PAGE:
Life Notes—December 2, 2010
And suddenly there was with the angel a multitude of the heavenly host, praising God and saying, “Glory to God in the highest heaven, and on earth peace among those whom he favors!” Luke 2:13-14
One of the traditional images of Christmas is that of Peace. We sing, “Sleep in heavenly peace.” Banners read, “Peace on Earth!” In Isaiah 9:6 the coming Jesus is named the Prince of Peace. Christians have been celebrating this Prince of Peace for two thousand years; so, where’s the peace? The Korean peninsula is on the verge of war (again). Across the globe there are civil wars, genocide, infanticide, ethnic cleansing. In our cities, assaults and murders are too common. The Middle East, the birthplace of at least three of the world’s major religions, is a perennial hotbed of violence and war. Physical violence and peace cannot coexist. Ditto for peace and emotional violence or abuse. So I ask again, where is this peace we celebrate at Christmas?
If peace is the absence of violence, peace on earth may not be possible. Everything in our world is temporal and constantly changing. Nothing of the earth was created to last. Everything forms, exists for a time and then changes to something else. Our souls clothe themselves in materials of the earth at birth and leave them behind at death. Violence is largely, if not entirely, a manifestation of want—want of property, want of power, want of attention, want of security. Indeed, violence is often an outgrowth of insecurity; and insecurity runs wild in unstable environments, like earth. In contrast, the peace of Christ is an internal peace: stability and certainty in an unstable and uncertain world. When we find the peace of Christ, the peace that passes all understanding, we take that peace wherever we go, into whatever circumstance we find ourselves. From that holy center within—where Creator and creation meet—peace radiates outward, helping bring a measure of peace to our surroundings. Like a candle in the darkness. And others are drawn to it.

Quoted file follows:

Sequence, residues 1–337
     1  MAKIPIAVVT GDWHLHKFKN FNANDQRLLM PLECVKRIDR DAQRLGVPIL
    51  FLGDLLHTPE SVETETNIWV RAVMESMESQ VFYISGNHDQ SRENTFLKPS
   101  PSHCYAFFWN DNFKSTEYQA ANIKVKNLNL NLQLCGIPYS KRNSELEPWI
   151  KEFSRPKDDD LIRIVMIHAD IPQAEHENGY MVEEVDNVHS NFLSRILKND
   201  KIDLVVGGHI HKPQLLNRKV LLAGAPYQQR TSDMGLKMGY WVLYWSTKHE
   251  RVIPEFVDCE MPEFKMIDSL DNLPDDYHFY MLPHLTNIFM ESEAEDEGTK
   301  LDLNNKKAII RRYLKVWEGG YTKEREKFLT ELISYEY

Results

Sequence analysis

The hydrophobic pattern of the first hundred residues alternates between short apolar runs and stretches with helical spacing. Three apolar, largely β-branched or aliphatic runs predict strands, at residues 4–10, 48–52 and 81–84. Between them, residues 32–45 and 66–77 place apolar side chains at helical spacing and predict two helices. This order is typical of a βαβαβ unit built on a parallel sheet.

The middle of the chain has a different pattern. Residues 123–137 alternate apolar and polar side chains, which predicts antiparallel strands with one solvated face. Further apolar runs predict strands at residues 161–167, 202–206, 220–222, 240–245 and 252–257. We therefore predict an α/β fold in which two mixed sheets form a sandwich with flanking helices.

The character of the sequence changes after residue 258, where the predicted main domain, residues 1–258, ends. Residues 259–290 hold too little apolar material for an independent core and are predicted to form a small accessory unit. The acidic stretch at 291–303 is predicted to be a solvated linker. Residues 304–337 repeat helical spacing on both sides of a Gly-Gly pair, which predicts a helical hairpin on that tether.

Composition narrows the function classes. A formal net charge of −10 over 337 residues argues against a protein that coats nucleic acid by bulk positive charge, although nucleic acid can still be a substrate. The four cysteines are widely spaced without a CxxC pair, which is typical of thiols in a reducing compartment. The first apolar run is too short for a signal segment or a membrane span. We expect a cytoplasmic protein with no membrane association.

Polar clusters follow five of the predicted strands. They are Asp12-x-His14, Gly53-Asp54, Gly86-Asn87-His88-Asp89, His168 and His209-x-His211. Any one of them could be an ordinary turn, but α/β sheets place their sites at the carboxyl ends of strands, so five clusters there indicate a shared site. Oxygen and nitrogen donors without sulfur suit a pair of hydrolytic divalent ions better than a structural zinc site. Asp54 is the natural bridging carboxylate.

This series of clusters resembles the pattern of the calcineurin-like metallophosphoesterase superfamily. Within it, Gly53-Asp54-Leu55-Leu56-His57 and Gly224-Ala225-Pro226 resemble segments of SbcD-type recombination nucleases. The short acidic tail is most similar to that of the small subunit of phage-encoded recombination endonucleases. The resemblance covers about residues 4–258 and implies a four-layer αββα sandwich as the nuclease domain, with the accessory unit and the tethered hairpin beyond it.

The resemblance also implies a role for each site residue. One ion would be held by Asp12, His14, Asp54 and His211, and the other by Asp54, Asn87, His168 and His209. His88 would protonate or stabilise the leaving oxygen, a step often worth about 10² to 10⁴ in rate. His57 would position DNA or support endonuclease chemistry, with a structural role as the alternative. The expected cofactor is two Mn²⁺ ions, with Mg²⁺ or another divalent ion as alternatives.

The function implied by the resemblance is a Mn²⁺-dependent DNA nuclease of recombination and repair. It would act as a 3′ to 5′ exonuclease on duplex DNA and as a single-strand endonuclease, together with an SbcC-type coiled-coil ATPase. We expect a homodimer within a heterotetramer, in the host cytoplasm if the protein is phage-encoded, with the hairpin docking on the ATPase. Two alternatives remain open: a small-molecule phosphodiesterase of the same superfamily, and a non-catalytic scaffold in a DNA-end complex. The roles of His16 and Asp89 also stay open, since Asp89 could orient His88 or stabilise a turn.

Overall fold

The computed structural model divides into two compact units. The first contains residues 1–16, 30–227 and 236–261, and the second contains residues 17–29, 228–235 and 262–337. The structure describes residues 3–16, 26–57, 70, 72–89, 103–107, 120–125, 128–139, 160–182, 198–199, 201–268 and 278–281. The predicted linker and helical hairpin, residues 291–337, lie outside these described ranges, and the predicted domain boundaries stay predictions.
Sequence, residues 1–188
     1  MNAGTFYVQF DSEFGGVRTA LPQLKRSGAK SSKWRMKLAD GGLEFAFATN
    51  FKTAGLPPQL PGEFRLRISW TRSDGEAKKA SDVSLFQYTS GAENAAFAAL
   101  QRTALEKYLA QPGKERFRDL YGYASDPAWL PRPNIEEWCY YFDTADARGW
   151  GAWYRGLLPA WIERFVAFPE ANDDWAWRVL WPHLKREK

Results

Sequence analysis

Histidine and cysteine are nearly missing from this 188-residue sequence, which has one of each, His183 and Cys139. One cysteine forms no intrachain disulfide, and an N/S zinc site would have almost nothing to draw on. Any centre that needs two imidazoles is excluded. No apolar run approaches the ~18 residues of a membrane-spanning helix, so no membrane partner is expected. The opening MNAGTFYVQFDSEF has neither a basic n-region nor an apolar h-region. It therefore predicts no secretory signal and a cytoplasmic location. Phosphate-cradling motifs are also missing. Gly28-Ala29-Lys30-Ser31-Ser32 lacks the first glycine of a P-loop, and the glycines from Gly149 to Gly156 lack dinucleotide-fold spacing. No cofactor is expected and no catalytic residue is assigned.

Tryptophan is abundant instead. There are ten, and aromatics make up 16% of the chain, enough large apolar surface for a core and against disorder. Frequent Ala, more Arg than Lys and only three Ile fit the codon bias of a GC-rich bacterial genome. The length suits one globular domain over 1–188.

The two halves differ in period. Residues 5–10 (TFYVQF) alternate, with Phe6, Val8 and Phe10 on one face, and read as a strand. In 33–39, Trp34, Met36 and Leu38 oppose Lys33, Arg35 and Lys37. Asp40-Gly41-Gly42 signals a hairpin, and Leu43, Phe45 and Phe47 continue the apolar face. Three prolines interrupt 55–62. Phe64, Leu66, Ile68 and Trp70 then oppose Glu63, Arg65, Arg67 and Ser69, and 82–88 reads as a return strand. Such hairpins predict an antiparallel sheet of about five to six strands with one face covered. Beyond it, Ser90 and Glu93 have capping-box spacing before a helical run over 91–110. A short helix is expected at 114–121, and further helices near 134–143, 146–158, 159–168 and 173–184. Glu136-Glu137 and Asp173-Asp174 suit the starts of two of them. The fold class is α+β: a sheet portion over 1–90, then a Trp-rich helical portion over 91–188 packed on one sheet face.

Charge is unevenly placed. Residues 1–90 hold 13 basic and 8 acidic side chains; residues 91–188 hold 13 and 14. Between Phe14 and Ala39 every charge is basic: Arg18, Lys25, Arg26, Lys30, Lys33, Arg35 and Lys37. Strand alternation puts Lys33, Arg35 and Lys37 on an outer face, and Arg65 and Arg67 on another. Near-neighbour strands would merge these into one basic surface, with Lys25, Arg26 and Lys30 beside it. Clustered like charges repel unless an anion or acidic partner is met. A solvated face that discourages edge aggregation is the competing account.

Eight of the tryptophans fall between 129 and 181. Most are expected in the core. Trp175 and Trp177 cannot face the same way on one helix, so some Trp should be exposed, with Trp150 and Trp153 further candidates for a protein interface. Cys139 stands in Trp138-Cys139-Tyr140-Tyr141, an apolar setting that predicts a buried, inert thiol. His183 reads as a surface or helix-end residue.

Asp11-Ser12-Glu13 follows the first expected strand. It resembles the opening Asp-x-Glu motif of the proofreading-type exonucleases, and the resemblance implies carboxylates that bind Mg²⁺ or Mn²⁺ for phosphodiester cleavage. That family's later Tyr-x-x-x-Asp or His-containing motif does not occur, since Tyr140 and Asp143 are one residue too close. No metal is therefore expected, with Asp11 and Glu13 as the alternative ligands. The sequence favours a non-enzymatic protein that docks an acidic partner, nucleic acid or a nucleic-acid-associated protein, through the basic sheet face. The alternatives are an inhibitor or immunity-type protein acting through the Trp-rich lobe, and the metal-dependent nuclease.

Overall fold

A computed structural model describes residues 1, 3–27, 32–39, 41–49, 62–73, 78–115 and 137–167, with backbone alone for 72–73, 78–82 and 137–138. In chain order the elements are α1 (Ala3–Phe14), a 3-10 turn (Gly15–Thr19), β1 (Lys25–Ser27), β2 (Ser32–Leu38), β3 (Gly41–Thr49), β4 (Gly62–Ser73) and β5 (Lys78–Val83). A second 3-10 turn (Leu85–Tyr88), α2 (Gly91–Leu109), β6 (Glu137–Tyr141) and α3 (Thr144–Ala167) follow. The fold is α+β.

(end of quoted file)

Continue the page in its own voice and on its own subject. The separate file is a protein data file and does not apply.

Peace on earth begins within each of us. Internal peace is bestowed through the favor of God. The favor of God is attained by developing a relationship with God. Although that relationship is up to each individual to cultivate, a good church can help.
Would a peaceful song help you find inner peace this Christmas? Let me send you one as a gift. Email me at firstname.lastname@example.org, and I’ll give you “Peace.”
Sunday is the second Sunday of Advent and the theme is Peace. Tom will be preaching downtown. Life worship is at 9:40 in Brady Hall; traditional worship in the sanctuary is at 8:30 and 11:00. Mitch will preach at the west campus, where worship is at 9:00 and 11:00. The sermon title at both campuses is “Finding the Light,” based on Luke 2:8-15.
Come home to worship this Sunday. Many centers, One peace…
Greg Hildenbrand, Life Music Coordinator